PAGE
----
Global Implications of the U.S. Supreme Court Decision on Climate Change
In June 2022, the United States Supreme Court dealt a substantial blow to the power of the Environmental Protection Agency (EPA) to regulate carbon emissions. In light of the EPA’s ruling on climate change, it’s worth asking whether this is really the first time America’s climate leadership has been questioned or whether it’s just the latest in a lasting decline.
What did SCOTUS comment on?
In a 6-3 vote, U.S. Supreme Court justices (SCOTUS) ruled the agency was not authorized to take action on climate change without specific authorization from Congress . The case is a clear sign of the US Supreme Court’s growing hostility to climate change regulation and some commentators have suggested it signals the start of a decline in US leadership on global climate issues.
The question brought to the judges’ attention was whether the country’s Environmental Protection Agency (EPA) could regulate coal-fired power plants, which are the second largest source of carbon emissions in the USA. The Obama administration had set carbon limits on a state-by-state basis with the aim of encouraging less reliance on coal and instead pushing towards alternative energy sources. Although this action was blocked by the courts, the program achieved some of its objectives simply because coal became increasingly expensive compared to alternative energy sources.
The Supreme Court, however, has now ruled that the EPA – as well as other regulators in the United States – are unable to consider or adopt rules that would be considered transformative for the economy. unless Congress specifically authorizes such actions against a designated issue, such as climate change. But the dysfunction of the US legislature over the past few decades means such approvals are extremely unlikely.
The most obvious consequence of West Virginia vs. EPA decision is that it is much more difficult for the United States to achieve the goals set for the Paris Agreement. The Biden administration is committed to achieving 100% clean electricity by 2035 and meeting the United States’ goal under the Paris Agreement to reduce its emissions by 50% to 52% by 2030. In making this commitment, the United States attempted to put in place targets ambitious but achievable and to help other countries set similar goals. targets. However, the outlook now looks bleak.
With the political landscape now much more difficult, it looks like the country will have to look for opportunities abroad. For example, the United States has an opportunity to act in the global financial sector by encouraging green investments and requiring disclosure of climate risks.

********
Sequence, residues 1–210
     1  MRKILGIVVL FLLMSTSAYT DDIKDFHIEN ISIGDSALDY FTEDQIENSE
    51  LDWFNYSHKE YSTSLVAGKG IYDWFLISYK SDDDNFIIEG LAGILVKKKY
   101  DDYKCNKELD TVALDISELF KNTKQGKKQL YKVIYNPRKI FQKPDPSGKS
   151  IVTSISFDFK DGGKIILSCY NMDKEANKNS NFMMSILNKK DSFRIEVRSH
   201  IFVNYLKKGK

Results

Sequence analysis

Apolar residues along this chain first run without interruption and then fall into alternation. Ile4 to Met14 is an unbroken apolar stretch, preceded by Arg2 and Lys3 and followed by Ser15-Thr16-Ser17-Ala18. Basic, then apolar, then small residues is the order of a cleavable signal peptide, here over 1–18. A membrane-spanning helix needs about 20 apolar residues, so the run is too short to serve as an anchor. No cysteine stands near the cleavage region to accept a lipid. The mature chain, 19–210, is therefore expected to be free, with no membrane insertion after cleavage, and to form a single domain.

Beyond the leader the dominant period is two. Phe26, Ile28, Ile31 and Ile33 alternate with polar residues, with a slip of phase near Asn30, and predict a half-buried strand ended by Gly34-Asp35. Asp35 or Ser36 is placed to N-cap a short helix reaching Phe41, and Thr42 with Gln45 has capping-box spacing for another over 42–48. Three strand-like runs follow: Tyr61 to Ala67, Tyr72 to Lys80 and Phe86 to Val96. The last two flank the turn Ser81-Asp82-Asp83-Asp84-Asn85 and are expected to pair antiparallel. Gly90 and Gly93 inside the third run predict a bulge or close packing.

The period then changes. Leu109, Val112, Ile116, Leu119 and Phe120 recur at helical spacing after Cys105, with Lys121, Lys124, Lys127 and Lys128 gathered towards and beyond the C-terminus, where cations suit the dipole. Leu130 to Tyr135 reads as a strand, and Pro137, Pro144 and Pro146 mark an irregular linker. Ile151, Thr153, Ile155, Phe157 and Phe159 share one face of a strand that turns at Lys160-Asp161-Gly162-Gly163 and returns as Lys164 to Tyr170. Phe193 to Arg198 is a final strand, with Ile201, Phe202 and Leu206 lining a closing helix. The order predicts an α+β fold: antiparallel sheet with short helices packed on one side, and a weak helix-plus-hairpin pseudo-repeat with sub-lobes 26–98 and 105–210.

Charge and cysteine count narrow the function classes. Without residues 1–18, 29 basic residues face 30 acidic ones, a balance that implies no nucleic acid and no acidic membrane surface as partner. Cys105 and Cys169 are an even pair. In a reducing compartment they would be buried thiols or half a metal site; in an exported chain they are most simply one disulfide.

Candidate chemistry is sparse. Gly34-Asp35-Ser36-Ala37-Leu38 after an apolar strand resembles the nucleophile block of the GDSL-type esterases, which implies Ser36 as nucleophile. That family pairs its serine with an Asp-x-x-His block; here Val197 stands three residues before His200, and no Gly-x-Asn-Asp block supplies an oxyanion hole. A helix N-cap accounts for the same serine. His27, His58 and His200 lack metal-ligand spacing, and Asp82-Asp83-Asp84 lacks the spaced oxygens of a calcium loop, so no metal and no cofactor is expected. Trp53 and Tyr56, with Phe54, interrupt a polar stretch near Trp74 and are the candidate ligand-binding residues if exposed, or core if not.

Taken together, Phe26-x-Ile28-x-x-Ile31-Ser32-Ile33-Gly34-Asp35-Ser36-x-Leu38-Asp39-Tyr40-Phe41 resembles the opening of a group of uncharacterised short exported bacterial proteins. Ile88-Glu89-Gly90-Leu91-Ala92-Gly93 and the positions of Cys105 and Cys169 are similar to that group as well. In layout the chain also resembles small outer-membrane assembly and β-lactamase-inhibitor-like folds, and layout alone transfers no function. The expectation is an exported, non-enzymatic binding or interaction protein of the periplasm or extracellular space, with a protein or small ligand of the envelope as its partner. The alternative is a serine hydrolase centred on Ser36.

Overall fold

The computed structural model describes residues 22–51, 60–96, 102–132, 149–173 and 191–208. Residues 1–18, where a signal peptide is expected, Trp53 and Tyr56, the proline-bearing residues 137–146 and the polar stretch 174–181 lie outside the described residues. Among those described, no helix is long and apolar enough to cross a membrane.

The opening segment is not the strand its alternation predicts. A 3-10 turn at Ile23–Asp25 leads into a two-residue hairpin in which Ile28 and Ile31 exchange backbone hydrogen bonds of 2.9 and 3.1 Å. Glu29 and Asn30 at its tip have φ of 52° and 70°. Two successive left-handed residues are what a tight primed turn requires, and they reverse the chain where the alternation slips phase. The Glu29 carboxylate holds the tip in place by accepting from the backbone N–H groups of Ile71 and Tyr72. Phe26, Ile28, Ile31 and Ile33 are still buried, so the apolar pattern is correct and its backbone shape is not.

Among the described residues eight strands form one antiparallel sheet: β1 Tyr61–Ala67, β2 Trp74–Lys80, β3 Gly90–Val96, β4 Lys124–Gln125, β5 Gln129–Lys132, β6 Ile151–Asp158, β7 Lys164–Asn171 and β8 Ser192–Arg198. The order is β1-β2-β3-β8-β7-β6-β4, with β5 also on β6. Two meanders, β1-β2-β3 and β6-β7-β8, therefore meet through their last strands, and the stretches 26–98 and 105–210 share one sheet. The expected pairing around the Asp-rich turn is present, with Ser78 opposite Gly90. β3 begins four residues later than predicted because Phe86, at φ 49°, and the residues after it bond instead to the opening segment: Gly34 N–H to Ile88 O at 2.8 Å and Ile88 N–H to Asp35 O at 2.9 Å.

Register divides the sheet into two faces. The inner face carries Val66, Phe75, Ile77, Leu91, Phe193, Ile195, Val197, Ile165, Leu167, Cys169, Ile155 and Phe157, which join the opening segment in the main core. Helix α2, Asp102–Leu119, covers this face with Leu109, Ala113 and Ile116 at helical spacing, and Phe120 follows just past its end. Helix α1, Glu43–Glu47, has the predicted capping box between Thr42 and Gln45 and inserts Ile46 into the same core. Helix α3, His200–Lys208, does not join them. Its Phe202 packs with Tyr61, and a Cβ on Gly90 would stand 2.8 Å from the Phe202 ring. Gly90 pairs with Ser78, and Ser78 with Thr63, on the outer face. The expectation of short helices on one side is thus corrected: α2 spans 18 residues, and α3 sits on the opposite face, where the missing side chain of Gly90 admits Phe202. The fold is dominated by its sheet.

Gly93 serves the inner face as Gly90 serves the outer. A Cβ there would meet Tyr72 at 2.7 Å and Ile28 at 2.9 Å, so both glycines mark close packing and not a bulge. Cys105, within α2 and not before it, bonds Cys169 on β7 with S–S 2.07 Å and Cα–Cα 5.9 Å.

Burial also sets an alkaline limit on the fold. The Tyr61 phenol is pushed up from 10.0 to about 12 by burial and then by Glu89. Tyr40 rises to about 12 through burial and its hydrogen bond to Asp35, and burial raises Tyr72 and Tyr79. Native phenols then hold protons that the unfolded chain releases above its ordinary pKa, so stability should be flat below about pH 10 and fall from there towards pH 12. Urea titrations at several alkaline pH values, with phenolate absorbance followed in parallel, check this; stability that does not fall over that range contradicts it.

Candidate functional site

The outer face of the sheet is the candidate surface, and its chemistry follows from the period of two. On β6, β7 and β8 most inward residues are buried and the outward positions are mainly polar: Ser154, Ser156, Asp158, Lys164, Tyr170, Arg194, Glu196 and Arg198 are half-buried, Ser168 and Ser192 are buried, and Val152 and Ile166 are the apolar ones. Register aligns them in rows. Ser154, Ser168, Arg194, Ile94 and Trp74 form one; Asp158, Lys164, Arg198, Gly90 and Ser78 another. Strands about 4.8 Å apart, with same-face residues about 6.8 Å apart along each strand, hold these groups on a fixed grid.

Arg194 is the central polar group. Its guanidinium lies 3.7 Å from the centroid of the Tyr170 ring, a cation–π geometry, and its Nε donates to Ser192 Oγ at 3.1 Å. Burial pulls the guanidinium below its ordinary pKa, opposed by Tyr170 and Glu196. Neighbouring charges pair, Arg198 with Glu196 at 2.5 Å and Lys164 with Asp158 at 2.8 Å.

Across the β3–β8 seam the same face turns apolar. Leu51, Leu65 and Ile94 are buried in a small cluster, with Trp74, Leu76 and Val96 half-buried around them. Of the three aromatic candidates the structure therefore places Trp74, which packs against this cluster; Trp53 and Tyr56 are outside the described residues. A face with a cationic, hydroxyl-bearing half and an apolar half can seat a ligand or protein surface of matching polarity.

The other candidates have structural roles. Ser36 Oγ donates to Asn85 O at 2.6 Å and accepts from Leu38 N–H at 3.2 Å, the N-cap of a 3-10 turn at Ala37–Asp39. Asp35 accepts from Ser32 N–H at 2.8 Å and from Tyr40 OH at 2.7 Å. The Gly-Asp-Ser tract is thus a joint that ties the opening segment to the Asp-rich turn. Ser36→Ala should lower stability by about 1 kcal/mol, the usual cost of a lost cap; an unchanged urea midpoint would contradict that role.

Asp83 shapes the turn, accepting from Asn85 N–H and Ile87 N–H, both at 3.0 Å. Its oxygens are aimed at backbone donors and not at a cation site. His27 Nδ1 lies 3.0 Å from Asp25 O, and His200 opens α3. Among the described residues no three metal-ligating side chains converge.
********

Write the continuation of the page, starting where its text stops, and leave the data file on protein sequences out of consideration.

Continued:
While the consequences of this decision on the country’s climate agenda may be clearer, it is worth considering its global implications.
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Is this the end of American climate leadership?
The idea of US climate leadership on the world stage has always been fragile. In 1997, the world came crashing down when the country withdrew from the Kyoto Protocols. In an attempt to appease the country, new standards have been set in a revised agreement – the Paris Agreement – which essentially eliminated all emissions reductions or legally binding targets. However, in 2020 former President Donald Trump pulled out of the deal. Despite join him immediately after Biden’s electionmany environmentalists doubt that the country’s representatives will now engage productively in global climate negotiations.
Rich, polluting countries such as the United States have continually stagnated in providing climate finance and support to other countries, especially those in the Global South. More than a decade ago, a commitment was made to mobilizes 100 billion dollars a year in climate finance by 2020; yet to be achieved, the goal is still only a tiny fraction of the money needed to combat the consequences of climate change.
To suggest that the EPA’s decision is the first time the United States has abdicated its role on the world stage would be to ignore historical data in which the United States has always been among the biggest blockers of progress on global climate change. . For meaningful action to happen, perhaps it is time for the world to look beyond the United States.
Can the United States still regulate emissions?
The SCOTUS ruling should not be used as an excuse to further delay the global climate agenda. Although the Supreme Court has suggested that the EPA cannot make “generational” power changes, the agency has the ability to take further action. The Toxic Substances Control Act (TSCA) provides more than enough leeway for further regulation of carbon dioxide emissions. Introduced in 1976 and amended in 2016, the law gives the EPA the authority to impose reporting, record keeping, and testing requirements as well as restrictions related to chemical substances and/or mixtures.
The law has already been used to restrict harmful chemicals such as lead in paint and polychlorinated biphenyls. By classifying carbon dioxide as a harmful substance, the EPA could regain regulatory power over emissions that circumvents the court ruling. Some activists suggested that this would not only allow carbon levies or manage carbon legacies, but it would also allow the United States – one of the world’s largest markets – to apply these measures to imports as well.
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